CHICAGO (Reuters) - CVS Caremark Corp (CVS.N) hopes women will still treat themselves to little luxuries like a $15 lipstick, even as cosmetics makers feel the pinch of consumers cutting back.
The drugstore chain is rolling out its first upscale Beauty 360 store in a new CVS in Washington, DC’s Dupont Circle neighborhood on Monday.
A second Beauty 360 will open this year in California, leading to a total of about 50 stores next year as CVS tests the format. More stores could open beyond 2009.
While beauty stores within drugstores exist in other countries, including Shoppers Drug Mart SC.TO in Canada, this marks the concept’s debut in the United States, CVS said. The stores will face competition from the likes of dedicated beauty chains like LVMH’s (LVMH.PA) Sephora.
CVS is testing the format just as cosmetics powerhouses are starting to see women spend less on makeup in a weak economy.
Last week, Avon Products Inc’s (AVP.N) third-quarter profit missed expectations as North American sales fell, L’Oreal SA (OREP.PA) cut its full-year sales forecast and Estee Lauder (EL.N) pared its full-year outlook.
Meanwhile, Commerce Department data showed last week that U.S. consumers cut their spending for the first time in two years in September.
CVS executives say they have not yet seen such trends in existing stores, and expect women will continue to indulge in cosmetics even if they give up other purchases.
“It may not be a vacation, or it might not be the new dress, but you know what, the $15 lipstick might not have the same pinch to her that the rest of those higher priced ones do,” said Mike Bloom, senior vice president of merchandising at CVS. “We have $40, $50, $60 skin-care items in our stores today and there’s been no cutback in those at all that we can see.”
Products at Beauty 360 will cost about $15 to $170. Customers looking to cut back on some of their spending can use CVS ExtraCare loyalty cards to get bonus “cash” for future purchases. They can also get rewards for free services.
Beauty 360 will offer manicures, facials and other services to differentiate itself from competitors.
The store will sell high-end brands such as Laura Geller, Canyon Ranch and Borba, and will not sell any of the mainstream beauty brands such as Maybelline, Cover Girl or Revlon typically found at CVS. Those items will be displayed on the wall that divides the drugstore from the beauty store.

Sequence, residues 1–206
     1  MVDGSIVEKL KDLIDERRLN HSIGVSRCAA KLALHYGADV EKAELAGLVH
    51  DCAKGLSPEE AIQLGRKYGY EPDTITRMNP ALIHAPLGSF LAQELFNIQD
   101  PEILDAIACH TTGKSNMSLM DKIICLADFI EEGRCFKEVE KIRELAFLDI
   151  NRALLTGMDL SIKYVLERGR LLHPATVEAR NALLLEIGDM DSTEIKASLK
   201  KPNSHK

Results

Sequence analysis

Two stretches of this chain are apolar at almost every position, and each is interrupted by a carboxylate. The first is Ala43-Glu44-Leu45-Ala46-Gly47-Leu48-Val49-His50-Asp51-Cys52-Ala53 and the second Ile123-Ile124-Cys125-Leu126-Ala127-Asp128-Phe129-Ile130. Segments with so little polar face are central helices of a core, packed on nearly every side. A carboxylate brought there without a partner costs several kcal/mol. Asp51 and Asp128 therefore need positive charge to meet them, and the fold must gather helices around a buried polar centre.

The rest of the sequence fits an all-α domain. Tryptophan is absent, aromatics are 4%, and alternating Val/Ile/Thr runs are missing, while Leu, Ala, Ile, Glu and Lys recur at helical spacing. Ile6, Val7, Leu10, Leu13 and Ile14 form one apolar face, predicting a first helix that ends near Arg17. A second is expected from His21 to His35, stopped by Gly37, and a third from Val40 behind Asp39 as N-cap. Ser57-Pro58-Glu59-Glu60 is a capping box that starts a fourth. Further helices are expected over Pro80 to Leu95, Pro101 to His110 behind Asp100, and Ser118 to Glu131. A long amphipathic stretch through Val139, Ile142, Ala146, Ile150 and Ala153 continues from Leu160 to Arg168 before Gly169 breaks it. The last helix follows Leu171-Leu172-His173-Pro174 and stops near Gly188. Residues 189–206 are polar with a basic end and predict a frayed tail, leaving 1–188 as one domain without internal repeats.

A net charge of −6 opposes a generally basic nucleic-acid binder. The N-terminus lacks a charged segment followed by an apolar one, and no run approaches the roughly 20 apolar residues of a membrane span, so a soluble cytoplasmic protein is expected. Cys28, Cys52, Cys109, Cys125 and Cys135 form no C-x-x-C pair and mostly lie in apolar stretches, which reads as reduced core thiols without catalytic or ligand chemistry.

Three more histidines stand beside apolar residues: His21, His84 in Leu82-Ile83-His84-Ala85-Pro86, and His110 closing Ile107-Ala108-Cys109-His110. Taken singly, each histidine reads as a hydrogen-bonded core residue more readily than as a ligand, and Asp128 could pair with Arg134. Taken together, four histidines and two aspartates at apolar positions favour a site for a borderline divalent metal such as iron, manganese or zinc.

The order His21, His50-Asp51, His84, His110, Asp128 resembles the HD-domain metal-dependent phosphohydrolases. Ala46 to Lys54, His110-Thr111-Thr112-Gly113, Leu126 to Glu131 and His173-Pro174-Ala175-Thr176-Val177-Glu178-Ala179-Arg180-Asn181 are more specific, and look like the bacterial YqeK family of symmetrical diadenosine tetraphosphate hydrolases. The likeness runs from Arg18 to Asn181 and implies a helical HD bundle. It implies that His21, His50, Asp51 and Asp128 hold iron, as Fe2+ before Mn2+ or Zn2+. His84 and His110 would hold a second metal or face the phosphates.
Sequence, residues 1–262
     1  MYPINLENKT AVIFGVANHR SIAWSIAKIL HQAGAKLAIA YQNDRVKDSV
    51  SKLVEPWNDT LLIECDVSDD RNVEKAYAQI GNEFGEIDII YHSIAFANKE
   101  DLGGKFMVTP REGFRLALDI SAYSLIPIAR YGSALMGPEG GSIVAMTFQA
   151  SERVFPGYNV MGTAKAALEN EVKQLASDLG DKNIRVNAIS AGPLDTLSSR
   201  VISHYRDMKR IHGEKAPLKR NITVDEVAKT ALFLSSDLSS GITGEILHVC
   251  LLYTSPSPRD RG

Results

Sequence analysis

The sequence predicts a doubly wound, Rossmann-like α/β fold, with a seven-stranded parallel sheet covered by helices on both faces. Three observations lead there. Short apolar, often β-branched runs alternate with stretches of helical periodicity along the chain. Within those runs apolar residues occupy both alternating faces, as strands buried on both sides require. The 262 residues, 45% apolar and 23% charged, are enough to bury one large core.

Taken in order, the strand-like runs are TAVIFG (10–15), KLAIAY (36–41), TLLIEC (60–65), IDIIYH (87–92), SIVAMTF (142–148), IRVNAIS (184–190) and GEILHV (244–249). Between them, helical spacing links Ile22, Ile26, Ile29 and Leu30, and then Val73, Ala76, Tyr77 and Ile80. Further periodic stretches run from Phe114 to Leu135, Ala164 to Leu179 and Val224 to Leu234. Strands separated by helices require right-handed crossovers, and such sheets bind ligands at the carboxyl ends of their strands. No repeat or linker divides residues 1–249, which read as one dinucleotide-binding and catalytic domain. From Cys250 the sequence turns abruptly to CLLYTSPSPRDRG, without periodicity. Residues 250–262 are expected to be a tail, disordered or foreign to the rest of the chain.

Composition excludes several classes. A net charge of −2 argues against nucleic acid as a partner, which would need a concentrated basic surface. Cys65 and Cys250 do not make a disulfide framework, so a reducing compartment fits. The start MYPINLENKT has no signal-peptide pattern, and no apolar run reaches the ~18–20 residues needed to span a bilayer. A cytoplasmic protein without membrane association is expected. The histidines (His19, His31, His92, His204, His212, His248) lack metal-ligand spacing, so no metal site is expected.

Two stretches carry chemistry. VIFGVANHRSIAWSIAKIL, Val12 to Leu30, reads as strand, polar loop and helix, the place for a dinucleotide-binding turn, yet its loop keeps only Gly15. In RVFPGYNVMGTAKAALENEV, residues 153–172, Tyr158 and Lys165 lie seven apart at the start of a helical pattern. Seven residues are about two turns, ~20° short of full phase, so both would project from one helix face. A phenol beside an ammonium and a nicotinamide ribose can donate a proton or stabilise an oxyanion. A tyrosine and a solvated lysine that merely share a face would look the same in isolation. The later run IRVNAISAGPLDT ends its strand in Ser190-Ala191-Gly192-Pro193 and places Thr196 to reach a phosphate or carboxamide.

Beauty 360 is a new focus for CVS, which has been rapidly expanding its healthcare operations, including a new low-cost generic drug plan and the 2007 acquisition of Caremark, a pharmacy benefits manager.
CVS said suppliers were intrigued by the concept, since Beauty 360 can draw shoppers in from the drugstore.
No brands are sold exclusively in Beauty 360 right now, but “that may happen down the road,” said Cheryl Mahoney, vice president of beauty at CVS.
CVS has roughly 6,800 stores, and Bloom said the Beauty 360 concept could “easily” fit in 1,000 stores.
“There certainly could be” standalone stores, while the stores that are being planned right now are connected to CVS locations, Bloom said.
The next Beauty 360 store will open in Mission Viejo, California in early December. Bloom said CVS is focused on expanding in the U.S. West coast at this point, where it has bigger drugstores to work with, including the Longs Drug chain it bought last week.
It is also looking at areas with high-end clientele.
“If I think about the CVS in Walnut Creek, in northern California, where there is Chanel and Louis Vuitton and all of those other stores surrounding it, it is a perfect store for Beauty 360,” Bloom said.
While CVS declined to say when it expects to turn a profit on the stores, beauty margins in general are higher than other margins in the drugstore business.
“All of this leads to a higher profit model, or a quicker return,” Bloom said.
Reporting by Jessica Wohl, editing by Richard Chang